The list of weaves is lengthy and educated sewers might find it interesting sometime to look at a book with diagrams of many of the common variations. Whether you know them by name or not, it is important to recognize certain visual characteristics that factor in how the fabric will work for the end use. Here are examples of the top three weaves: • Plain weaves, the most common, are basic over and under patterns and easy to recognize. This weave is best for printed fabrics, accepts finishes well, wrinkles the most, and is the least absorbent. There is no technical front or back of the weave unless printed on. Common fabrics include muslin and quilting cottons. • Twill weave is the second basic weave and is characterized by a diagonal line created by diagonal floats most easily recognized as denim, houndstooth, herringbone, and gabardine. Twill may have a front and back and are rarely printed. There is better wrinkle recovery in twill, and the twill can be right or left handed or at different angles. Twill is typically more expensive due to the higher yarn count. • Satin weave, the third basic weave mentioned earlier, uses tightly woven fibers that use long floats to create a smooth lustrous looking surface. Satin fabric snags easily due to the long floats and tends to unravel more. Common fabrics include satin, sateen and crepe back satin utilizing a crepe yarn. A silk satin is always higher quality than a cotton because of the long silk fiber as cotton has small fibers that will eventually look fuzzy on a cotton satin garment.
Black & white tweed
Fancy weaves usually create a specific design or characteristic in a fabric due to specialty yarns, extra yarns, creating slack in the tension and other structural factors. Some fancy fabrics include: Dotted Swiss (Swivel-Dot weave), Pique (Pique weave ribs), Jacquard weaves including Damask with satin floats on satin, Brocade with satin floats on plain background, and tapestry with a dominant design on the front, Double Cloth such as velvet which is cut in half, and Seersucker, a warp slack tension weave creating the bubbly effect. Other recognizable fabrics that use ribs in the weave include broadcloth, taffeta, shantung, poplin, and faille. Fabric structure plays an intrical part in how a fabric will perform during sewing and in everyday use. The idea is not to focus so much on the technical, but to understand why/how a weave or grain will affect a project. A tightly woven fabric may need an extra sharp needle to prevent snags, an off-grain quilt may have uneven shrinkage, and an open weave tweed may require interfacing to stabilize the fabric for tailoring. With some basic fiber and fabric knowledge the average sewer can make educated decisions on what fibers and fabrics are best for their next project. Next month we conclude with Part III of this series on Fiber & Fabric Characteristics. We will combine our knowledge of fibers and fabric structure with fabric basics such as count, weight, yarn dyed and printed finishes. &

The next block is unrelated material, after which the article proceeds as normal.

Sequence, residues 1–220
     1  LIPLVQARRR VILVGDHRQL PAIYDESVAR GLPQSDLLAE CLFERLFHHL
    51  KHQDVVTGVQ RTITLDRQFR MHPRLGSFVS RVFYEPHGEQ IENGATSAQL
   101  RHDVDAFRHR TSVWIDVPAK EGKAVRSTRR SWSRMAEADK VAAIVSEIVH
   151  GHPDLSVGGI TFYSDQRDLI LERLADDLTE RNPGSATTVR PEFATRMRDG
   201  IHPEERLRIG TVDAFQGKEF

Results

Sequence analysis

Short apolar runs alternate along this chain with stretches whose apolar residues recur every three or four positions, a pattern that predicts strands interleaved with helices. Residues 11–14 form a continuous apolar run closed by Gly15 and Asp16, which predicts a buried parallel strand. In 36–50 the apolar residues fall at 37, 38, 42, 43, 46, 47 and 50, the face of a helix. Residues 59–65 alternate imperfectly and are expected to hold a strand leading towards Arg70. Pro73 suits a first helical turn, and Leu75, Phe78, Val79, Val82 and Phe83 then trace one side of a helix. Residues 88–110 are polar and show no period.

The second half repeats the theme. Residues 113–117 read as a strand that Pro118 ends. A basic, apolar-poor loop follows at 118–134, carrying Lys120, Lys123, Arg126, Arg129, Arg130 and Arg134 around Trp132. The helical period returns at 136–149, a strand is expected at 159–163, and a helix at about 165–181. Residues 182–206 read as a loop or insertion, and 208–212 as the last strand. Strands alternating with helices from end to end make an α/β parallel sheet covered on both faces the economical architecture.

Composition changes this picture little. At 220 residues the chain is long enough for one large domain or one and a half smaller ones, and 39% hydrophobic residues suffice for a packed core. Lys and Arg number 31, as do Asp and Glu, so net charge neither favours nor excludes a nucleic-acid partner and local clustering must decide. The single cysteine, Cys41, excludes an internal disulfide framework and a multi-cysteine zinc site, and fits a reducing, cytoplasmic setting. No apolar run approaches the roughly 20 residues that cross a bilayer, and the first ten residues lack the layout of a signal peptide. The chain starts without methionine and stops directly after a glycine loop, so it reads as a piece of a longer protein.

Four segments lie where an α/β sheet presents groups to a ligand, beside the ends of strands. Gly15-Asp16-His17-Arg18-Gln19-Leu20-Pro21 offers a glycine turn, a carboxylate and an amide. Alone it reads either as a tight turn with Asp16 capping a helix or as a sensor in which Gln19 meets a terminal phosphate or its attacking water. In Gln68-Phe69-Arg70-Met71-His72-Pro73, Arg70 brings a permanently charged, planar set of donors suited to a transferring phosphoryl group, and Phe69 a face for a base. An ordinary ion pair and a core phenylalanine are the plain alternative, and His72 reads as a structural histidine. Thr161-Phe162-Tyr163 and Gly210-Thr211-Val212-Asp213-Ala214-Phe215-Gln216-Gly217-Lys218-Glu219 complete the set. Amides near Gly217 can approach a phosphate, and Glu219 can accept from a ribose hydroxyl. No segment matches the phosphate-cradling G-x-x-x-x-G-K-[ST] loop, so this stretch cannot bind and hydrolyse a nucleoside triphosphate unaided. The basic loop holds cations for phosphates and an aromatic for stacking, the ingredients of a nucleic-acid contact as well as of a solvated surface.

Joi Mahon is an award winning freelance designer and founder of Dress Forms Design Studio, LLC. Joi works with custom clients offering design, styling and sewing services, as well as offering creative industry services to retailers and manufacturers. Frequently called “The Idea Person,” she is also a founder of J&L Designs, where she owns and licenses a garment patent. Joi is a member of PACC and SEA. For more information, contact Joi at email@example.com; www.dressformdesign.com; or call the studio at 1-712-239-9921. For more information on Fibers and Fabrics, check out the references and textbook “Textiles” by textile expert Dr. Sara Kadolph who Joi studied under at Iowa State University.
Blue fabric weave
White plain weave
Difference Between Warp & Filling:
• Selvedge always runs lengthwise (warp) in fabric. • Most fabric has less elongation (stretch) in the warp. • Warp yarns lay straighter and are more parallel in fabric due to loom tension. • Fancy and specialty yarns are usually in the weft or filling. • Specific fabric characteristics may indicate warp and filling direction. • Warp yarns are smaller and higher in twist to withstand loom tension.
May 2007 SQE Professional™